Cancellation of Indian Wells Masters due to coronavirus fears could be start of barren tennis summer

Since its inception in 1974, the Indian Wells tournament has never been cancelled, and never not played a huge part in shaping the tennis season.

Musab Abid March 09, 2020 19:40:46 IST
Cancellation of Indian Wells Masters due to coronavirus fears could be start of barren tennis summer
  • Indian Wells tournament director Tommy Haas suggested that the event could be held at a later, but given the tightly packed schedule, that is highly unlikely

  • Some players – like Sorana Cirstea and Kirsten Flipkens – expressed surprise that the players were not consulted before the announcement

  • WTA CEO Steve Simon said he was ‘supportive of the concept’ of empty stadiums, and there was apparently an extensive discussion on it

After Novak Djokovic won the Dubai Open last week to extend his perfect 2020 start to 18-0, he jokingly said at the presentation that it was his goal to go unbeaten the entire season.

Perhaps sensing that the tennis world would self-combust out of horror/excitement at hearing that, Djokovic quickly added, “No I’m kidding.” But then in the very same breath he said, with a mock-serious tone, “No I’m not kidding actually.”

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Novak Djokovic would have come into the Indian Wells Masters with an unbeaten 18-0 record in the season. AP

It was hard not to think back to Djokovic’s ominous proclamation when we woke up to the news that this year’s Indian Wells Masters has been cancelled due to the coronavirus outbreak. One tournament getting cancelled doesn’t mean all the tournaments on the calendar will follow suit, or even that the next one (the Miami Masters) will. But it does serve as a chilling reminder that nothing in this world is set in stone – not the supposed impossibility of a player going an entire season unbeaten, and certainly not a tournament that has had an uninterrupted run for nearly 50 years.

Just how big is this development? You can judge for yourself from the fact that the cancellation is already a part of history; it is an absolute first, with literally no precedent. Since its inception in 1974, the Indian Wells tournament has never been cancelled, and never not played a huge part in shaping the tennis season.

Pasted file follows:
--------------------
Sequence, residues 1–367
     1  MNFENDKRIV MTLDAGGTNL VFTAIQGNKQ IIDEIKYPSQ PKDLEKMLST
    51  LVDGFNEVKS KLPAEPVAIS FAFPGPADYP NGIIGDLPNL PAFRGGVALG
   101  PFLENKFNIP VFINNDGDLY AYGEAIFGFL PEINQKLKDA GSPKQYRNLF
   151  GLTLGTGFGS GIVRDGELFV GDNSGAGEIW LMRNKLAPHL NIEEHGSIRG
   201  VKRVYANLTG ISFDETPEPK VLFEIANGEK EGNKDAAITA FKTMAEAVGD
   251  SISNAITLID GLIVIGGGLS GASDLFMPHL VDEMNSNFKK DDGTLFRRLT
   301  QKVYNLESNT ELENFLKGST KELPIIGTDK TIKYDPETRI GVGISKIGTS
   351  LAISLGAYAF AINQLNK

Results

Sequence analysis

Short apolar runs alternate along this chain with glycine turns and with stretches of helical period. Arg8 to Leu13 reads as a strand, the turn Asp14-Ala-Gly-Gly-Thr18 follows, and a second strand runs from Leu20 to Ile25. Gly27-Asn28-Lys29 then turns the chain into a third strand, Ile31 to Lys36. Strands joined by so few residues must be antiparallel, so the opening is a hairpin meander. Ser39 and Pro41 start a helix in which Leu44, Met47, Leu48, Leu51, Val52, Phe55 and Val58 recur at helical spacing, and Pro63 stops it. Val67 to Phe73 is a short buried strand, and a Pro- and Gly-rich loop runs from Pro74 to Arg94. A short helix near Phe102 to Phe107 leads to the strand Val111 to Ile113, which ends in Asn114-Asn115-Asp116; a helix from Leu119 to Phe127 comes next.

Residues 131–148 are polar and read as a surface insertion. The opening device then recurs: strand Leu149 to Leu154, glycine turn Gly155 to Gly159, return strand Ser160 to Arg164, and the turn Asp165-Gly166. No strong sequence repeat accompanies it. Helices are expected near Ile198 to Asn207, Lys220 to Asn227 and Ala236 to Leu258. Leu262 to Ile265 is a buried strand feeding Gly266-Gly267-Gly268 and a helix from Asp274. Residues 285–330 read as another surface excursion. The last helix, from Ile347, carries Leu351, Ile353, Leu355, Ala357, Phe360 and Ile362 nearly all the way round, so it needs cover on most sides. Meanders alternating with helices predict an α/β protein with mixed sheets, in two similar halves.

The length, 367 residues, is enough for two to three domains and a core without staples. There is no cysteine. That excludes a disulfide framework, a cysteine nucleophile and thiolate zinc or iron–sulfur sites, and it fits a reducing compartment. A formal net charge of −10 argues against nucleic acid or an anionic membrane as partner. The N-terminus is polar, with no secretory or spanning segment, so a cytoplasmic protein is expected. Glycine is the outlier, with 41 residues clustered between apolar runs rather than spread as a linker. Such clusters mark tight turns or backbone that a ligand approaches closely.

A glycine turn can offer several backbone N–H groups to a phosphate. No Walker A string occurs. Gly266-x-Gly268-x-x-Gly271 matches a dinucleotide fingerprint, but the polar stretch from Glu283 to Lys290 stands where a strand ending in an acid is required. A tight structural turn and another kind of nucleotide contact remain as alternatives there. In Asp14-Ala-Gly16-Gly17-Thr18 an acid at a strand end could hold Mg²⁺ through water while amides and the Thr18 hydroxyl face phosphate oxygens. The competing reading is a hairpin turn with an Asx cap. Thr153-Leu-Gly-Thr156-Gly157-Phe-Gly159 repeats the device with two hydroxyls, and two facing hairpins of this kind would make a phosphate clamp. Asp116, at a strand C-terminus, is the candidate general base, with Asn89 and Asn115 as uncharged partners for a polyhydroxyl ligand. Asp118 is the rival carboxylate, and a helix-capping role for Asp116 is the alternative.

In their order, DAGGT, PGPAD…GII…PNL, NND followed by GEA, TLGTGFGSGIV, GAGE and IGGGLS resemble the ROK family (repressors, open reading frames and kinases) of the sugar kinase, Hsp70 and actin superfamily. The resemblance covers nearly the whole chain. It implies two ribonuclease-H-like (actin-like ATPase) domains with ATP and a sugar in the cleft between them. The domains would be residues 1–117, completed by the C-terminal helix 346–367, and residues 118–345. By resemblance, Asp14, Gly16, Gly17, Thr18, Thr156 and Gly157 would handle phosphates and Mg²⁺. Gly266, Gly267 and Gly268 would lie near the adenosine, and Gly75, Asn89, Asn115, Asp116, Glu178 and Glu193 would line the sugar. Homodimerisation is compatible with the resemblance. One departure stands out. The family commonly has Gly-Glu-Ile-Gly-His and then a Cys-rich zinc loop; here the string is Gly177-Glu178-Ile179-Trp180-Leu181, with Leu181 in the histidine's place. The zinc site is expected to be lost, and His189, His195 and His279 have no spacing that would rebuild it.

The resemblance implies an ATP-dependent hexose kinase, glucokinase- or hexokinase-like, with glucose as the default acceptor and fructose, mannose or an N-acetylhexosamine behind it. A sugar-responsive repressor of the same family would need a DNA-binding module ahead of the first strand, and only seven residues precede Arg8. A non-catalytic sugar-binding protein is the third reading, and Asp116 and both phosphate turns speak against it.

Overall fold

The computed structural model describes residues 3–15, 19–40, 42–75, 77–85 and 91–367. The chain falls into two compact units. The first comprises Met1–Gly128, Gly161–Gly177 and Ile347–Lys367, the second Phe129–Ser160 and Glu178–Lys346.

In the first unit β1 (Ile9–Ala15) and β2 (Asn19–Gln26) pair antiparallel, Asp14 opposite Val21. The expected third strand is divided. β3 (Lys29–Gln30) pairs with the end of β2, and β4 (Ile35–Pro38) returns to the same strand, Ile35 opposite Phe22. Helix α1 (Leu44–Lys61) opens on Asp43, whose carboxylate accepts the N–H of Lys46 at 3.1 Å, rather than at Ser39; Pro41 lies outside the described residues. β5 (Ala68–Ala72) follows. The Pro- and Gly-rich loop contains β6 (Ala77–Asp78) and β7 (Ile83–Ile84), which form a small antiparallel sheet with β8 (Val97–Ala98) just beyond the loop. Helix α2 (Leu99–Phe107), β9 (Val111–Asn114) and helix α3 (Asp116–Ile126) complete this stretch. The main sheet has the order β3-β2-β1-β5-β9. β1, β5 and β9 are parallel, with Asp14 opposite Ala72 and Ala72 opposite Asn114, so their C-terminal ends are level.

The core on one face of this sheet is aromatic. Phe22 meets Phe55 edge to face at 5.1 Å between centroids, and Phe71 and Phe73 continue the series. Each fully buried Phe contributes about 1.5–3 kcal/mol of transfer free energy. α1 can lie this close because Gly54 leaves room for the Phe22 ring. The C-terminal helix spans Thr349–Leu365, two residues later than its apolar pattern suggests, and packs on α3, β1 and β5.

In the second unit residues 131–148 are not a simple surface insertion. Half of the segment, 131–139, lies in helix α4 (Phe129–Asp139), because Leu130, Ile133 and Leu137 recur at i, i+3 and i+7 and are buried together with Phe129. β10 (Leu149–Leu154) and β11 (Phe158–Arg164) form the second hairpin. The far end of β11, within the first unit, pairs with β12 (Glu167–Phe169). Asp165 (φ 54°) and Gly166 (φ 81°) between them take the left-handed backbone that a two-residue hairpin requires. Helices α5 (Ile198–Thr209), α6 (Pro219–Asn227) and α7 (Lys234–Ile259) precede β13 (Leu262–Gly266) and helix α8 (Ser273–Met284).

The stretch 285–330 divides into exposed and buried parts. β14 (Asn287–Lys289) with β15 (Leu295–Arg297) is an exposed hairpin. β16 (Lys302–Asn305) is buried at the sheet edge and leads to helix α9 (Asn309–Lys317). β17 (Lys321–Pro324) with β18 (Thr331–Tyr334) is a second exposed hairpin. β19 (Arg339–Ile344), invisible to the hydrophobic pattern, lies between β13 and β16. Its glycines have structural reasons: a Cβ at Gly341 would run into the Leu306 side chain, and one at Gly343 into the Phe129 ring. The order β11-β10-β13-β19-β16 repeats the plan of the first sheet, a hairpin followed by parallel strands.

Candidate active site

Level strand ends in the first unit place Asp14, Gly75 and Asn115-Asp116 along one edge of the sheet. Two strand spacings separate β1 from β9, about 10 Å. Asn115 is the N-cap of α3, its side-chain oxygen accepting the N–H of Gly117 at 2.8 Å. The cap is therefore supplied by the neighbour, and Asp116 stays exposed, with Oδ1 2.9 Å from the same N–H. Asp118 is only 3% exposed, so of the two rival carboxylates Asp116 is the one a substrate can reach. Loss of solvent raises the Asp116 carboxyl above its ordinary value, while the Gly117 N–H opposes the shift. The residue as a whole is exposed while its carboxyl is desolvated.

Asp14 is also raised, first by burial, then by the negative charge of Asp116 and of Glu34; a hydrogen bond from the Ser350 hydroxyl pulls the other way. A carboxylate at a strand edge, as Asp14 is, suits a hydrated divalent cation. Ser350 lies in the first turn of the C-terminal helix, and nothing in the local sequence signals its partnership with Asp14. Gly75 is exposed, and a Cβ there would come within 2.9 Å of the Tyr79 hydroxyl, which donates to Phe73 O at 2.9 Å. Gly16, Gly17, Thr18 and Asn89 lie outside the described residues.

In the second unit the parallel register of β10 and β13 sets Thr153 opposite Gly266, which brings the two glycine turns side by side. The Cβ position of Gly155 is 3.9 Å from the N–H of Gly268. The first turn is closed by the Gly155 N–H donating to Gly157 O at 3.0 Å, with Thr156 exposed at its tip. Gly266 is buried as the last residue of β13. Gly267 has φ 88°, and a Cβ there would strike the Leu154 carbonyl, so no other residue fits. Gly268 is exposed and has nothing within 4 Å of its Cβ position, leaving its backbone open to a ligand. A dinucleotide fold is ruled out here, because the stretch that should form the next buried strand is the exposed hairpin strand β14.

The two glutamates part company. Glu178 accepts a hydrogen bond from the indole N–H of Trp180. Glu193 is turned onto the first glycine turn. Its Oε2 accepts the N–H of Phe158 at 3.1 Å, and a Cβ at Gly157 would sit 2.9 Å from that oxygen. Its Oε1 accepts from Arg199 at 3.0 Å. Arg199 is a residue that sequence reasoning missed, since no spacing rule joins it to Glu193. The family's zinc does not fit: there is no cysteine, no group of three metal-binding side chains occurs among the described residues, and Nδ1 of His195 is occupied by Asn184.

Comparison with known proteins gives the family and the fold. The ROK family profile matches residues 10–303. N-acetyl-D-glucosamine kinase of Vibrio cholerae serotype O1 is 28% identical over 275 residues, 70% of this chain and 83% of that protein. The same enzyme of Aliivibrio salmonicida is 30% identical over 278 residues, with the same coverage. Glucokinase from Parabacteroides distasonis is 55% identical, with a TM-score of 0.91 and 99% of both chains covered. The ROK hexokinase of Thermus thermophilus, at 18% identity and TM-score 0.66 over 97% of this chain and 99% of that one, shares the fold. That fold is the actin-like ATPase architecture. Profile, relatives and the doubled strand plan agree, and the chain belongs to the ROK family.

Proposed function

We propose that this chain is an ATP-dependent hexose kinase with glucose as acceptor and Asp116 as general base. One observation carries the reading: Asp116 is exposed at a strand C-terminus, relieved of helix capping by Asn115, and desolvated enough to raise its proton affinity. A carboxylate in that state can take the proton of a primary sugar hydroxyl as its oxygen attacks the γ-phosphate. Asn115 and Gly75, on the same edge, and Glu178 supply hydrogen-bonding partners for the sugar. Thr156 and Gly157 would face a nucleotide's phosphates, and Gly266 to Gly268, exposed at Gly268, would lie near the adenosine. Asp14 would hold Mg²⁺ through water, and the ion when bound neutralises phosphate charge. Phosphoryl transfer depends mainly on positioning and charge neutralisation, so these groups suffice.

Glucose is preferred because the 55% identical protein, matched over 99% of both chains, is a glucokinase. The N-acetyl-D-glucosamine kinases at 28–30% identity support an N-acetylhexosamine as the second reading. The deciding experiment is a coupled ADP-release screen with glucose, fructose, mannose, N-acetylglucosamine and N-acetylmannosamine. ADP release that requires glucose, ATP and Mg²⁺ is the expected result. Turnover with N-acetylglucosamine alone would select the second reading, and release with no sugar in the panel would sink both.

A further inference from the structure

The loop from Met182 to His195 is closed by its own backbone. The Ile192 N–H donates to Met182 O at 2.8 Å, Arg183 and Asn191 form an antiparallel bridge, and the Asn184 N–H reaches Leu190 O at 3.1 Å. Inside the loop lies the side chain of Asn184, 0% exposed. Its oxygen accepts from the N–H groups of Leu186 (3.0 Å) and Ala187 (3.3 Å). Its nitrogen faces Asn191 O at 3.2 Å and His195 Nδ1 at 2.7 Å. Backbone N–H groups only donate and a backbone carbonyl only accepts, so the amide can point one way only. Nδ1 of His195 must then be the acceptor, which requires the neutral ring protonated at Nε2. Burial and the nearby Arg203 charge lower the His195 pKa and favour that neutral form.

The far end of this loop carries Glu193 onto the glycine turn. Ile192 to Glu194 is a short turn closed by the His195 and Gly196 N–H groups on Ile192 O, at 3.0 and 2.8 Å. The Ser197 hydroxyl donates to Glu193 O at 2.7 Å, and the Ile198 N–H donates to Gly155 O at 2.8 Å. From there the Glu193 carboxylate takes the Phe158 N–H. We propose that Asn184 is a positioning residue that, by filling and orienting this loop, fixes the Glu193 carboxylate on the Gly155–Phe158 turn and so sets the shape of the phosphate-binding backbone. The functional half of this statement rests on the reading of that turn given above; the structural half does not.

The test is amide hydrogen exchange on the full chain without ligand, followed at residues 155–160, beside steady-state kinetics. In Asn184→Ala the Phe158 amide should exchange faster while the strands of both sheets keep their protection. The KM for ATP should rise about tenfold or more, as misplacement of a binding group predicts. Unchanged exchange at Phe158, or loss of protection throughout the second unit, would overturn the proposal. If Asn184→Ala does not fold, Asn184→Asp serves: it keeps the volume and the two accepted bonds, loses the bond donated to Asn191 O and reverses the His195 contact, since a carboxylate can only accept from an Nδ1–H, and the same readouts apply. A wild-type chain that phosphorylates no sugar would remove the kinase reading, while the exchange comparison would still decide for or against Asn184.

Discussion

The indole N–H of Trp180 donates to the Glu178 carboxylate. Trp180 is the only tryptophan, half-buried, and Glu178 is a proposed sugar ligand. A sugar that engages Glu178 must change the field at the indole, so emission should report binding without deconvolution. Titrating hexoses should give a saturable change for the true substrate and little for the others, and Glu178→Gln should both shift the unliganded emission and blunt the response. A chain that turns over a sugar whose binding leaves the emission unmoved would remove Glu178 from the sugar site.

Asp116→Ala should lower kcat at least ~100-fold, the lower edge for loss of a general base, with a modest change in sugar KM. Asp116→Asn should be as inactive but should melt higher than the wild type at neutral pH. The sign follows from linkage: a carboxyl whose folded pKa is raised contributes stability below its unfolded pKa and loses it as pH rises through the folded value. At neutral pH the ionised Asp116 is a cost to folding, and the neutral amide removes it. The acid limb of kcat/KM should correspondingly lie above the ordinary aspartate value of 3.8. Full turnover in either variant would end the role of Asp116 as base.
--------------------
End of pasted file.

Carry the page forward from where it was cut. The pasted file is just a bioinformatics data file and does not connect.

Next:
On Sunday everyone was eagerly anticipating the resumption of some ‘real’ tennis action after a month of post-AO doldrums, and a possible battle for No. 1 between Djokovic and Rafael Nadal. But now, everything has gone for a toss.

A quick overview of the facts that necessitated the cancellation: a public health emergency was declared in the Coachella Valley (where Indian Wells is located) on Sunday, after a confirmed case of the COVID-19 virus in the region. In response, several doctors and medical organisers advised the Riverside County Public Health Department that a public gathering the size of a Masters-level tournament was too big a risk in the face of the pandemic currently spreading like wildfire throughout the world. “It is not in the public interest of fans, players and neighboring areas for this tournament to proceed,” said Dr. David Agus, Professor of Medicine and Biomedical Engineering at the University of Southern California.

The Indian Wells organisers wasted no time in announcing the cancellation. Tournament director Tommy Haas took the news on the chin, stating that the “health and safety of…everyone involved with the event is of paramount importance”. Haas even suggested that the tournament could be held at a later date this year, but given the tightly packed schedule, that is highly unlikely.

Not everyone is happy with the decision though, with a few fans wondering whether the tournament pulled the plug too soon given that there was only one confirmed case in the region. Some players – like Sorana Cirstea and Kirsten Flipkens – expressed surprise that the players were not consulted before the announcement. Heather Watson meanwhile asked her Twitter followers to vote whether they thought the cancellation was the right decision or an overreaction; so far, nearly 65% have said it was an overreaction.

However, if you take into account the speed of the virus’ spread and the inability of various national governments to contain the damage, it is tough to blame the officials for erring on the side of caution.

111,262 cases of the coronavirus infection have been reported globally so far, with as many as 3,882 of them resulting in death. The statistics for the US are a little less severe, but still alarming: 554 confirmed cases, 22 deaths. And judging by the reports of the virus’s sources and patterns, those numbers are likely to keep rising.